Letter of the Day:  U

U is for Unwinding!  Have you ever heard someone say, “She’s wound up so tight”?  Have you ever felt tension between your shoulder blades that really did feel like a knot was tied in your muscles?  Many of us are, indeed, wound up tight inside and need to untwist. 

At one of the breakout sessions at the Mothers of Multiples Convention, I heard Debra McLaughlin speak about Craniosacral Therapy. Craniosacral Therapy is a very gentle form of hands-on structural therapy that can profoundly help at any age to correct imbalances in the body. She showed us how she has worked with newborn babies who looked like they had a crick in the neck, arched their backs, cried when laid on their backs, and had terrible colic.  She taught the parents how to pick the baby up by her feet and let her untwist.  She likely had been in a twisted up position in-utero and had some trauma at birth.  Holding her upside down and letting her body naturally correct itself, allowed her to coil back into that position, then open up again, and finally relax.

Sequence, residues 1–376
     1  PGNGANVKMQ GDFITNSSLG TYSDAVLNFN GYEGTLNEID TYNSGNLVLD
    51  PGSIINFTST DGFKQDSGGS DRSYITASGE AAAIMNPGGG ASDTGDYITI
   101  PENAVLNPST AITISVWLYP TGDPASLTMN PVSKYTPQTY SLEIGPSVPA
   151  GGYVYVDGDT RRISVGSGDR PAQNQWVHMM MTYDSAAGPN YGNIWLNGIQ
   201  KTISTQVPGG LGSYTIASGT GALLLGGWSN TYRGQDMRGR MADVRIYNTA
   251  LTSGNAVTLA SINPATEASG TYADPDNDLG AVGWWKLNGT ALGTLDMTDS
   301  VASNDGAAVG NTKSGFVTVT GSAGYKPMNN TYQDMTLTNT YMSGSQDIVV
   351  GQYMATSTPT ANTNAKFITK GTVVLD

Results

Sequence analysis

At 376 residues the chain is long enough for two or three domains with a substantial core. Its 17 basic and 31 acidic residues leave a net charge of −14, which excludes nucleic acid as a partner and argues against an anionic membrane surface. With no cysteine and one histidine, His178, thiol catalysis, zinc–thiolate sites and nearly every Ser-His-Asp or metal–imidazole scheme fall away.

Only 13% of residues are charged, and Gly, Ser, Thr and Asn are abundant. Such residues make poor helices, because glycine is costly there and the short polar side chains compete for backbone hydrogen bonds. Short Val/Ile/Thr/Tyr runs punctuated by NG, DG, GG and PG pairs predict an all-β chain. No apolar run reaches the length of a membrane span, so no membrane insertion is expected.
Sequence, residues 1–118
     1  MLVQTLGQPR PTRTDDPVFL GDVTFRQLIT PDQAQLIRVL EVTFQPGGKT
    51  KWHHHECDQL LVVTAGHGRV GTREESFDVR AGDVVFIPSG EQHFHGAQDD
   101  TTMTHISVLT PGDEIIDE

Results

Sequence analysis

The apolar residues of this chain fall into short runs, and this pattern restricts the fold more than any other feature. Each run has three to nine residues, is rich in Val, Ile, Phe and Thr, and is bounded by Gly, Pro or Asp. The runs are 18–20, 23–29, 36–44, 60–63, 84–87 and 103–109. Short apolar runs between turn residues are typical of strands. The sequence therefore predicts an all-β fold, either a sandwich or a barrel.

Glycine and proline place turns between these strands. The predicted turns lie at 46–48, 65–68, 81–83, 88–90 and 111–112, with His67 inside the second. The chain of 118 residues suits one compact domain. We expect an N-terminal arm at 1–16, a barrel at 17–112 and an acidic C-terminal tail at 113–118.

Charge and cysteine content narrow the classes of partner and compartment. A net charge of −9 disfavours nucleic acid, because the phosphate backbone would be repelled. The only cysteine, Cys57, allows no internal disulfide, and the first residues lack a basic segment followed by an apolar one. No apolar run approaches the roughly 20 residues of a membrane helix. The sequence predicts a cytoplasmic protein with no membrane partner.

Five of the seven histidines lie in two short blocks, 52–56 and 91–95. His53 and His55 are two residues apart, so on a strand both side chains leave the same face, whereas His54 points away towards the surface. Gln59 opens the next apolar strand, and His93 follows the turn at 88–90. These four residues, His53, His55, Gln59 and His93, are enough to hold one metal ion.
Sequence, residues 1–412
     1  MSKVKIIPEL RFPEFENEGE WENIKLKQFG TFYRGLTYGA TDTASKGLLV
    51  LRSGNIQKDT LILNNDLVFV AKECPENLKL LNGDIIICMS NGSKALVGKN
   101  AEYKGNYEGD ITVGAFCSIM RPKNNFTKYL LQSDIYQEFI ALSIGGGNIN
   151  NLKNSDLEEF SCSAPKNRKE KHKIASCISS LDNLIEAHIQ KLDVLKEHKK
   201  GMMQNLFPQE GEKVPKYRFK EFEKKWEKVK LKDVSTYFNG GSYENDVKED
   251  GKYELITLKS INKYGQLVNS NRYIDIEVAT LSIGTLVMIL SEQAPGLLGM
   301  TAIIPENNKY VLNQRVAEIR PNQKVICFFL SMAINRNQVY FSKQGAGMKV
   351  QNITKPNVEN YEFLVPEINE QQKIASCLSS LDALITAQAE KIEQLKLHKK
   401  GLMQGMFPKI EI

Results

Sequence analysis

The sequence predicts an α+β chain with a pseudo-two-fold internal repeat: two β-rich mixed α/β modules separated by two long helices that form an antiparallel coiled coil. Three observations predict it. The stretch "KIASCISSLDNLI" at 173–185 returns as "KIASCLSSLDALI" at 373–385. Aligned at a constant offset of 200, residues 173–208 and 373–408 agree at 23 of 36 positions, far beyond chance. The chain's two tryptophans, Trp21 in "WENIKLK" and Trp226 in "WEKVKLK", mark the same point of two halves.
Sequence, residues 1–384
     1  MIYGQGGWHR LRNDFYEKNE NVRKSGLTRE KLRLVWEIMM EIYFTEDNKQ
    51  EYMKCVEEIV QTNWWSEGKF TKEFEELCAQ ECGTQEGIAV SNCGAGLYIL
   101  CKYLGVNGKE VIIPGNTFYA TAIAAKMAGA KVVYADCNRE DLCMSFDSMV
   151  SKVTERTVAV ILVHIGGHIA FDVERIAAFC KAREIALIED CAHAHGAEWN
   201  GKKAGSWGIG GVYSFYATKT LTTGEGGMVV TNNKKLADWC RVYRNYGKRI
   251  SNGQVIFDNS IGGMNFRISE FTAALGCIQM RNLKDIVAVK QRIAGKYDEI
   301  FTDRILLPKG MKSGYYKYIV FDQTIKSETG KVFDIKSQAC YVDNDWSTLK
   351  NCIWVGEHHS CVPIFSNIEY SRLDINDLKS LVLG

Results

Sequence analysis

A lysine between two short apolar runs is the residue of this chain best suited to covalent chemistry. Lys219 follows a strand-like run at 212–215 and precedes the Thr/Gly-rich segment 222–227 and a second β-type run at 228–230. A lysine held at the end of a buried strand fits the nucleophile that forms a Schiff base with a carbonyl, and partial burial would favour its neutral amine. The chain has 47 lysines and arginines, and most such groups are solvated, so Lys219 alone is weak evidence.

I was fascinated.  The instructor also talked to us about her own experience when she was pregnant with her twins, 20 years ago.  She was stopped a stoplight, but the driver behind her hadn’t been paying attention, and although slowing, slammed into her.  It was a minor fender-bender.  But, now, she had pain.  She was worried about her babies.  She explained that the seatbelt holds you in place at your waist and left shoulder, but the right shoulder was free to be jarred foreward, causing twisting in her abdomen.  By using her knowledge of Craniosacral Therapy, she was able to correct the problem, and her babies were fine.  Boy-girl twins who are freshmen in college, now.

This got me thinking about my feeling of being wound up too tight.  I’ve had two major collisions with deer. 

I didn’t feel injured, but I’ve had a knot in my back since the first one.  I also carry my tension in my shoulders, and spend many hours a day hunched over a keyboard, playing piano, or teaching.  When do I ever really open up my arms and unravel my torso?

Debra encouraged us to lay on a ball and open up like this.

We need to stretch our chests and abdomens.  Another way to do this is to stand in a doorway, a narrower one like a bathroom, and place one hand on each side and lean in.  Move your hands up slowly and feel more muscles opening up.  Another place to try this is in a corner of a room.

Stretch, relax, let your body untwist.  Spend some time hanging upside down or letting your muscles go where they need to.  Start slowly.  Be gentle.  Be good to yourself and your body and you’ll allow all your creative juices to flow freely.

Journaling Prompt:  Do you have any tips on how to unwind?  How do you help your body relax and heal?